The Substance Hoped For – Path of Discovery

When you go on vacation, do you know your starting point? That is probably home, right? Do you know where you are going to go? I hope so. You might have spent some time deciding on your destination, but you eventually picked a target.

You then packed your bags according to your destination and planned what you want to do there. You also decided which roads you will take to get there. In fact, virtually everything you do to get ready depends on your destination. Likewise, your execution of your novel-to-be depends on the chosen destination.

If you just pack stuff because you like it, and you turn out of your drive with no idea where you’re going, you are likely not going to get much of anywhere. What you packed may or may not be of help depending on what destination you blunder into.

Would you read a book that had that lack of focus? Would you want to read chapter after chapter of items in the luggage of that book with no apparent point to them? Would you be fascinated by the path the story takes if the writer doesn’t know where she’s going?

The last writing blog discussed the Point of Attack, your starting place. Once that’s decided, you do NOT start writing the story. You need to write the end. Without having a clear idea where you want to end up, you won’t know what tone to give your writing. You won’t know what needs to happen to get there. You won’t know what street signs to give your reader to help him follow the path that you’ve chosen. You won’t know whether to use signs or breadcrumbs, interstates with ramps or a wooded trail with barely noticeable broken twigs and bent grass.

Do you remember the example I gave for a story of World War II? Is the Nazi on trial sympathetic or not? Should the reader feel good about his hanging or disturbed? These decisions – made prior to writing the story – should affect your tone. It will affect whether you want a clear path or make your reader struggle through the gloom of uncertainty.

For me, a good story is something like a treasure hunt. You lay out clues and rewards for your reader to discover and keep themselves moving through the story. The story that connects the Point of Attack to the end is what I call the Path of Discovery.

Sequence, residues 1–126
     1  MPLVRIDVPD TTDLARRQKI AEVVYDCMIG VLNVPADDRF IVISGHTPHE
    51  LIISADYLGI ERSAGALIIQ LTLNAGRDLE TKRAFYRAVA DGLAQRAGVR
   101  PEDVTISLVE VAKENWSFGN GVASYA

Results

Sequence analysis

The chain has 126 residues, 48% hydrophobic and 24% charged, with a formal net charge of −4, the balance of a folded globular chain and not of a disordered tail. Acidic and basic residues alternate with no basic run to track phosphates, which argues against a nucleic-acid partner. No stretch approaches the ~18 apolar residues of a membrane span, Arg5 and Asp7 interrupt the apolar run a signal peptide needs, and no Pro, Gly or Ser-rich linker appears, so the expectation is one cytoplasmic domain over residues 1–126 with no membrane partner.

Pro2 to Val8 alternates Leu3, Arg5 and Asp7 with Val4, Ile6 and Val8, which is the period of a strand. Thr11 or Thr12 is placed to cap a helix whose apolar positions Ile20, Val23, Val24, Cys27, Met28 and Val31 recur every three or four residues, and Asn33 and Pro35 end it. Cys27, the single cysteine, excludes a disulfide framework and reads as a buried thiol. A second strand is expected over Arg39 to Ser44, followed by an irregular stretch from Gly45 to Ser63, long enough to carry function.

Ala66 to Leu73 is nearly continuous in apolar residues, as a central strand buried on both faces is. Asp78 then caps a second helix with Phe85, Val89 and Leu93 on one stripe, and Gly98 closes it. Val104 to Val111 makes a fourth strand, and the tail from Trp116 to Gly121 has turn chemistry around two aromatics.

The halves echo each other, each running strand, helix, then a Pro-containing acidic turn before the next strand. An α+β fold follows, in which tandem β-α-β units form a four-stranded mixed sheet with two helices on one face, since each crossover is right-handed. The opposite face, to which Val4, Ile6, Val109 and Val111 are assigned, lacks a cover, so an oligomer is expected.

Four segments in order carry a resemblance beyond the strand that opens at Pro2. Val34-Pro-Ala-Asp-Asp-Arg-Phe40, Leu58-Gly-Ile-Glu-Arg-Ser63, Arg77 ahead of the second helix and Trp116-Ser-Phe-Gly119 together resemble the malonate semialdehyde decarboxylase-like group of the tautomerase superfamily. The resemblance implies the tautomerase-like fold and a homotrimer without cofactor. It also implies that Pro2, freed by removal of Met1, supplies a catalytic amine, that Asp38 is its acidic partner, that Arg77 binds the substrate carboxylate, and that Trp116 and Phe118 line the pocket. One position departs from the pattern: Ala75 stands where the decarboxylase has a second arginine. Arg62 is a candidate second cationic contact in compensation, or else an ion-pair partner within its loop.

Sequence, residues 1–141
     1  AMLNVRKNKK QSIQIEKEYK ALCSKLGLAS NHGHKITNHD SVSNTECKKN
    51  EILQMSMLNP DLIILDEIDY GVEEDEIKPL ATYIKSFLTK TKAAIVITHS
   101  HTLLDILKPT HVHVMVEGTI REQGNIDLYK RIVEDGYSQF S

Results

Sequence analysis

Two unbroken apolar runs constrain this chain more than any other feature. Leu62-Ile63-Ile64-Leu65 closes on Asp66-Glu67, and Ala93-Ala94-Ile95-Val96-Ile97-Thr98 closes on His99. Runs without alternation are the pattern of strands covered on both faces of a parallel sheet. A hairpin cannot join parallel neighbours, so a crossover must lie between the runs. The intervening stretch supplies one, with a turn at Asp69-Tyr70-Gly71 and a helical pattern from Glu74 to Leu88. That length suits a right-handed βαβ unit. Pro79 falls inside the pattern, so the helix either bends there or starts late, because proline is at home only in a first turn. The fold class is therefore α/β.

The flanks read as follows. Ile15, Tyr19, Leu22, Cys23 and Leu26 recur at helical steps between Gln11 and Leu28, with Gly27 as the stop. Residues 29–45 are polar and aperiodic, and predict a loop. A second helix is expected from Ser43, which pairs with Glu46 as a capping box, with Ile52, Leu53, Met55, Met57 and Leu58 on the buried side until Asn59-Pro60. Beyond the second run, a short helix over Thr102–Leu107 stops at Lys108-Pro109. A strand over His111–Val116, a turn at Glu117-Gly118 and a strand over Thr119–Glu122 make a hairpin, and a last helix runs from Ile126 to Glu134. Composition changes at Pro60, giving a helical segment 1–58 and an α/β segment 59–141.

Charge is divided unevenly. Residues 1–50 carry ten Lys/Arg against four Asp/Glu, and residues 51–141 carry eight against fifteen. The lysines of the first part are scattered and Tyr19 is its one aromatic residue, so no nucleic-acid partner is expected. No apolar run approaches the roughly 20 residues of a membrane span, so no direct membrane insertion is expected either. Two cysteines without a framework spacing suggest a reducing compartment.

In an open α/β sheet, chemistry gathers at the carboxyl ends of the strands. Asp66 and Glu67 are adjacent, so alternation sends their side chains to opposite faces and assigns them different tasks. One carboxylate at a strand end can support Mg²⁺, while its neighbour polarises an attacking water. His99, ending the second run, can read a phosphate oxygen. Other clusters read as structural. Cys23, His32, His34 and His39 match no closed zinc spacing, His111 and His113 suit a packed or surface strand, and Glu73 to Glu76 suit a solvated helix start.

That is a very important concept to maintain throughout your writing. Your reader won’t finish your book and certainly won’t buy another unless they are intrigued and satisfied by their accomplishments of discovering the clues and sometimes faint paths you give them to work through.

Sometimes you’ll put your reader on a superhighway, blowing away the speed limits. Other times you’ll want them off the expressway and searching for the path in a woods. People like to be challenged, they like to be made to think.

Don’t believe me? You are, I assume, familiar with the phrase “Spoiler Alert.” People don’t want to know what’s going to happen out of order. They want to be surprised. They want to try to figure out the mystery on their own. Ever tell your date what happens next in the movie you’re watching? Ever get a positive response?

Create a Path of Discovery that will lead your reader toward the conclusion you’ve already laid out. And you can’t know how to lay it out until you know where you are going first!

So how did I decide to end The Substance Hoped for? Did I write one ending…or more? Do you really think I’m going to tell you HERE?


The Substance Hoped For by Jeffrey H. King

Available on line at Authorhouse in hard and soft cover: . Look for the orange cover.

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